By Ken Sehested
The Blessed One does not stand in need of our praise; nor sits impatiently, impudently, awaiting our genuflection; nor strides restively, demandingly, threateningly, toward our cowering pose.
No, none of this. There is no protection to be warranted by proper groveling, calculated flattery, sustained applause, pleading curtsies or bargaining bows.
It is, rather, we who need to praise. By it we transcend self-serving ways. By it beggarly egos loosen their grip; anxious trembling and toil, stilled and rested; fury, calmed; moans, soothed; regrets, unknotted.
The Holy One of Heaven doesn’t do booster clubs or sign autographs or make grand entrances at charity balls — or acknowledge the sky-pointed, victory-claiming index fingers of star athletes at moments of triumph.
God is not Number One. God is not an integer. God can no more be counted than the eye can see its optic nerve.
It is by ebullient praise that we become transparent. By it we send our presumptuousness packing. From it we readily marshal every asset and place them under the command of Another — Another, we discover, who is not alien to us, is not other-than, but is in us, through us, above, under and around us, who is with us as breath-to-lungs, blood-to-heart.
What feels at first like submission, we come to recognize, finally, as being at home, where we are welcomed and prized progeny to be feted, feasted and royally attired.
In that union all that was broken is mended, all that was stained is cleansed, all that was doubted rests confident, all that was down-hearted finds its hallelujah. We become as lovers to the Beloved. The weighty worries that previously occupied us, even terrorized us, are disclosed as so much falderal.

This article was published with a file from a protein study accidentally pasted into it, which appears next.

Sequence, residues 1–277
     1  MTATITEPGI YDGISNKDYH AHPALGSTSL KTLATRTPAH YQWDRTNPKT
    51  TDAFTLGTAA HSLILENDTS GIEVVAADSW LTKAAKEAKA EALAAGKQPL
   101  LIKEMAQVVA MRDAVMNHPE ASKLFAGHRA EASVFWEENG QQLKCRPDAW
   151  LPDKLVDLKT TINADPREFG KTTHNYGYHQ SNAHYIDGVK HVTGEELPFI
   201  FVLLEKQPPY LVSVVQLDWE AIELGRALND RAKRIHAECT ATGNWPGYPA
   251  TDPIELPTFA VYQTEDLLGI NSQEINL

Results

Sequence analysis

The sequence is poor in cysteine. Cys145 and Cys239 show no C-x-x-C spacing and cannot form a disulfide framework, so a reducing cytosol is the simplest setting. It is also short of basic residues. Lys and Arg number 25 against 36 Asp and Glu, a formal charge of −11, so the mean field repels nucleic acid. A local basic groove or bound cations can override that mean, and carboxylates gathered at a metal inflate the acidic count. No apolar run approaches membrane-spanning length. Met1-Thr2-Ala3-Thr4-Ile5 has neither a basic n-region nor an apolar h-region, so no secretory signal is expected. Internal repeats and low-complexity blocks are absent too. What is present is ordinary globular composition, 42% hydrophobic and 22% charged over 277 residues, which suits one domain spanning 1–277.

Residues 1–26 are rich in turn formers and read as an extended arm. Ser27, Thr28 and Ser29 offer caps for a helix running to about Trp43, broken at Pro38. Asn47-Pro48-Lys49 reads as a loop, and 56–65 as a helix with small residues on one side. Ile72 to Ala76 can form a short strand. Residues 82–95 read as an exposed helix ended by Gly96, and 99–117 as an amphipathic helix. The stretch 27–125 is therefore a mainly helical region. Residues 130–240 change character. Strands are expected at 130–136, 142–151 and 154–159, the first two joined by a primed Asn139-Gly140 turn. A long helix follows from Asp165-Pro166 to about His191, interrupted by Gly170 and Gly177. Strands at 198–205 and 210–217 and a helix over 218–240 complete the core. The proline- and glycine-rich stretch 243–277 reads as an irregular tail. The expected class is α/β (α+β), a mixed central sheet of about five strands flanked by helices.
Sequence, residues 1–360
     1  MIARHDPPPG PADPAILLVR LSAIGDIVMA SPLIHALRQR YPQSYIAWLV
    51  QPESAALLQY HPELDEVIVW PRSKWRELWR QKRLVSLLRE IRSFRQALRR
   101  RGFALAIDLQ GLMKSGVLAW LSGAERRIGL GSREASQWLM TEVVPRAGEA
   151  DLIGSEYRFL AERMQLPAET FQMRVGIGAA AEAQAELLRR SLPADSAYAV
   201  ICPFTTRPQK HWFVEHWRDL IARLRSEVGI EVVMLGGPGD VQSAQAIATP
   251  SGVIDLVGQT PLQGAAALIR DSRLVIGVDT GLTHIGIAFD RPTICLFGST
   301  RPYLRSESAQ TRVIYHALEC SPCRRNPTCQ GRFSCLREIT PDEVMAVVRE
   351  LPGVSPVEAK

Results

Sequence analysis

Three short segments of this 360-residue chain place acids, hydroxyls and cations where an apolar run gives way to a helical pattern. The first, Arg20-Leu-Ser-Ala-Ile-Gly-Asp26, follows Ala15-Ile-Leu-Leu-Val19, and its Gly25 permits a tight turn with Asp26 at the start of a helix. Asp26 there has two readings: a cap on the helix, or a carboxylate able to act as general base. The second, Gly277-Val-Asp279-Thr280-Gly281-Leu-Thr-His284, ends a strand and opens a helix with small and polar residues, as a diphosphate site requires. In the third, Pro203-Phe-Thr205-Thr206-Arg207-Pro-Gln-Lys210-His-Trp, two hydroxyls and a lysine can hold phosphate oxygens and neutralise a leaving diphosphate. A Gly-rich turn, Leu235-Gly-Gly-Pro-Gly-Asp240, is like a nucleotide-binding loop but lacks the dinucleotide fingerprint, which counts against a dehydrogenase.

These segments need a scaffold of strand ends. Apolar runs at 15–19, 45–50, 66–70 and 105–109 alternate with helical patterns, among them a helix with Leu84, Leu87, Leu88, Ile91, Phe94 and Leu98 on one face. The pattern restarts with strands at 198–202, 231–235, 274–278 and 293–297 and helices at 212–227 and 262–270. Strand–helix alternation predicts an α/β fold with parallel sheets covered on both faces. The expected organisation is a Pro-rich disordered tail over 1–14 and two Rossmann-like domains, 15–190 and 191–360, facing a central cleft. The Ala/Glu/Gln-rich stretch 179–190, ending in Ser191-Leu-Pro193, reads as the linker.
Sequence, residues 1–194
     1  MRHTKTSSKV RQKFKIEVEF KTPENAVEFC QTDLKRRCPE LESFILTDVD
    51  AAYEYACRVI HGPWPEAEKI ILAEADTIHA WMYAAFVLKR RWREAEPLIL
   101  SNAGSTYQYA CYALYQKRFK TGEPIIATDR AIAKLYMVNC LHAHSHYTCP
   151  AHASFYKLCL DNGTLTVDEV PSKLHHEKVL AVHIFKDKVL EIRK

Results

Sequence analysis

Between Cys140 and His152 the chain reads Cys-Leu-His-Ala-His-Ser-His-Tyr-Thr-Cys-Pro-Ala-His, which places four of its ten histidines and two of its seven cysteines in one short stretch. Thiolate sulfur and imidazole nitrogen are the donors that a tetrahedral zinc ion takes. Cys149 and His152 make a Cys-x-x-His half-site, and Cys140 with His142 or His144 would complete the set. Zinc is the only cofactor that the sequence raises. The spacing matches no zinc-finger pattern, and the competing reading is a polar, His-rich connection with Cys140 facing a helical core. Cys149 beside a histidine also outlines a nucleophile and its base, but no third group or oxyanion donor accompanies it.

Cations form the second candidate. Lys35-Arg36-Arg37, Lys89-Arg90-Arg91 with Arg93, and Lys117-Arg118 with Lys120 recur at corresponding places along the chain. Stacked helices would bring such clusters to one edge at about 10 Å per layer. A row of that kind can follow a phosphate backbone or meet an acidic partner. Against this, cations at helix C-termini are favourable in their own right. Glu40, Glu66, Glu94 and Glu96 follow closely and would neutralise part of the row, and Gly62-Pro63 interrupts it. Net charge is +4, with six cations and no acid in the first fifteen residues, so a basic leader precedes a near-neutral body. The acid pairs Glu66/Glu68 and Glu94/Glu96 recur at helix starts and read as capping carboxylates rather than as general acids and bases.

Personally, praise is like Pilates for the soul, countering the constriction of tendons and rusty joints, allowing freedom of movement and off-road adventures.
Publicly, praise is prelude to undoing every slaver’s chain, every gallow’s threat, every monopoly’s reign.
The work of praise in the tent of meeting — worship, where questions of worth are determined and competing claims of power decided — begins in the labor of lament.
• How long, O Lord (the psalmist ‘s persistent introit), will soul and soil be anguished and troubled? the wicked prosper? injustice stalk its prey?!
• Glory to God, announced the angels, and on earth, peace. Mother Mary then magnifies the Lord for scattering the proud and lifting the lowly.
• All praise is due to Allah, says the ancient crier (peace and blessings be upon him), who delivered us from the unjust people.
Praise to Heaven portending peace for the earth.
Praise is equally personal and public. It grows rote and rank when privatized for self-stimulation or adherence to pious rigor. It grows toxic when utilized as a tool for social coherence. Fully-blossomed, it loses all instrumental intent and rises “as in yonder valley the myrtle breathes its fragrance into space.”*
The work of praise is both promise and provocation. By it we are simultaneously lifted to the ecstasy of beatific vision and launched into a world which fears doxology above all else.
Sing praise, all ye people. Clap your hands, ye meadows, mountains, forests and fountains. Magnify, ye birds and bees, creatures of seas, every lion and lamb — even you, Uncle Sam.